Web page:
Monday, February 7, 2011

The end - when to say when

For years now I've held this theory that any good series of novels should never go beyond five books.  As with any rule, there are always exceptions, but from my personal experience, the five book rule is a good guideline.

Think of it this way.  Have you ever fallen in love with a television series?  A classic might be Buffy the Vampire Slayer.  This popular show ran for seven seasons.  Like many, I watched every week.  For me, though, the show started it's slow decline after season five.  Do you get the connection?  Instead of ending and leaving watchers wanting more, the show fades away.  Now think of shows like Farscape or the original Star Trek.  Those shows had runs of four seasons, left people wanting more and have a significant cult following.

See what I mean?  Think of each novel in your series as a season of your favorite television serial.  Are you going to end on a high leaving your readers wishing for more?  Or are you going to milk your success for all it's worth until the plot and characters are so worn out that your readers don't even bother any more?  Remember, in an era of instant access, many people just don't have patience and become bored very quickly.

In junior high school, I found the Xanth series of books by Piers Anthony.  I thought they were the greatest thing ever.  I bought the next one and the next one and the next until book 12; I got bored and never bought another.  According to Wikipedia, he's working on the 36th.  Frankly, I'm amazed there are still enough readers to warrant continuing!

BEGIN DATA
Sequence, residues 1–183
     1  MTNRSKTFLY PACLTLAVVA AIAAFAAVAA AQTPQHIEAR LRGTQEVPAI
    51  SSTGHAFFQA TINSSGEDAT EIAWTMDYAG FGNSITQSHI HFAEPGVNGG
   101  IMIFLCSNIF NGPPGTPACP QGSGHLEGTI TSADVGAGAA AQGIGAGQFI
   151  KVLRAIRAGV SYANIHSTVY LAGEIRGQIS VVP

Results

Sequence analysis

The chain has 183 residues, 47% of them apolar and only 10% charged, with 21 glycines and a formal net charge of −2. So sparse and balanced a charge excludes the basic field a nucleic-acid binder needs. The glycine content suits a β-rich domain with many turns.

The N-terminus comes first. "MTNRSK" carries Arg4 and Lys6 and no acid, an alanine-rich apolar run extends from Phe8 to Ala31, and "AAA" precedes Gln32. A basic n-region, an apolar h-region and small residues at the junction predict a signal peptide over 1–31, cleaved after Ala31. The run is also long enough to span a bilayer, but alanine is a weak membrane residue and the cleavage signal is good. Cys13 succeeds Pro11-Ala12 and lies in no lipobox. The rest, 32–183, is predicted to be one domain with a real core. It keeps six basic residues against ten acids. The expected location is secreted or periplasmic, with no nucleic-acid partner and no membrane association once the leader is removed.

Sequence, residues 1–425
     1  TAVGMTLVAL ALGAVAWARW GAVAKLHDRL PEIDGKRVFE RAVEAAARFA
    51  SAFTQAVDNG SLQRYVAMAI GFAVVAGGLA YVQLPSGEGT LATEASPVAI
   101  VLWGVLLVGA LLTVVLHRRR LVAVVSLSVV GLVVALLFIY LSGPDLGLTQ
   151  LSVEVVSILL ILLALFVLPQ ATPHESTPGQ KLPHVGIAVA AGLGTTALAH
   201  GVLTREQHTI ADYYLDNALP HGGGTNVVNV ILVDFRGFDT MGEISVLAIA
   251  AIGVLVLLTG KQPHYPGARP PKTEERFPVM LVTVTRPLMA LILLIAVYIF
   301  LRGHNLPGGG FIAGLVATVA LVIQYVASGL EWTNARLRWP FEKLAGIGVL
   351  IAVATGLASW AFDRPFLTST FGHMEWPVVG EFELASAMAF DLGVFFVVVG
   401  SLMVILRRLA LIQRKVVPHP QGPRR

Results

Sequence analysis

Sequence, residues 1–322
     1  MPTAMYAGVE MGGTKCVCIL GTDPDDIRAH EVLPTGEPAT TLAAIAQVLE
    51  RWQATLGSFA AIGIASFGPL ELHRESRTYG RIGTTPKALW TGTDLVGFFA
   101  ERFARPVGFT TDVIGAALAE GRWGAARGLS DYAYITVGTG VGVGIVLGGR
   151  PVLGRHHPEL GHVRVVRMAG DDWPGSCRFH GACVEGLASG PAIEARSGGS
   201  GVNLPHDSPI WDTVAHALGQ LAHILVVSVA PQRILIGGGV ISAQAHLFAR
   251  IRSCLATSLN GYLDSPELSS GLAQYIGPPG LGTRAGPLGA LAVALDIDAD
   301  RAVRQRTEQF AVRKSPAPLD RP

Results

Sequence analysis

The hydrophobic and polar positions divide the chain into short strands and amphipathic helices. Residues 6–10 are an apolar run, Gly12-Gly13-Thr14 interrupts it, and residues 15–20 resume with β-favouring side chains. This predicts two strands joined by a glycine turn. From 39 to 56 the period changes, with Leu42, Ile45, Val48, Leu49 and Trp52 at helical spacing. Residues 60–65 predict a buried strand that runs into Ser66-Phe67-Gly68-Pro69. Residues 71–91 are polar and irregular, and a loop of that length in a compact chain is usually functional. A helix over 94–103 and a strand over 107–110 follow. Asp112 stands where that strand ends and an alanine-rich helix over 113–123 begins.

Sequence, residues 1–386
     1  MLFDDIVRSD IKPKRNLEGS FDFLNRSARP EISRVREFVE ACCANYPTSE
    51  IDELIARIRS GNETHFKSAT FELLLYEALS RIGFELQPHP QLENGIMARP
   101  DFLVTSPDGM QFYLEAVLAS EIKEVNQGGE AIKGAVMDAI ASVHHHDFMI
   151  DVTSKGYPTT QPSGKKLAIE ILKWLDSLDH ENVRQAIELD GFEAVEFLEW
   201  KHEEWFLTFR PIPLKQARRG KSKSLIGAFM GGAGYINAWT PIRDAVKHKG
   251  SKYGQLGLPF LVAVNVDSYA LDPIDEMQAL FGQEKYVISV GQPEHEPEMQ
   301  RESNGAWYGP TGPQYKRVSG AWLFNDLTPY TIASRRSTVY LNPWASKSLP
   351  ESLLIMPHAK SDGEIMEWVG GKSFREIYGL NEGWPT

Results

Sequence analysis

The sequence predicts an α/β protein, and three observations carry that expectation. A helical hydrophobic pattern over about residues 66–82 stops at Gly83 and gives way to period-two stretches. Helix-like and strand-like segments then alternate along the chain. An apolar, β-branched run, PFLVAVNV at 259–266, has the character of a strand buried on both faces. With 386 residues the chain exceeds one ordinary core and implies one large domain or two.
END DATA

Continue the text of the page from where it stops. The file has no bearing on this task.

My mom likes to read murder mysteries.  Those tend to go on well past what is, in my opinion, their freshness date also.  I understand we get attached to characters, as both readers and writers, but there is something to be said about the thrill of finding a new love; saying a sweet goodbye to the old.

As I mentioned above, there will always be exceptions.  Series that are still fresh and exciting well past book (or season) five.  But I maintain that anything much past the five mark is running a risk of losing that spark and losing readers/viewers.

What do you think?

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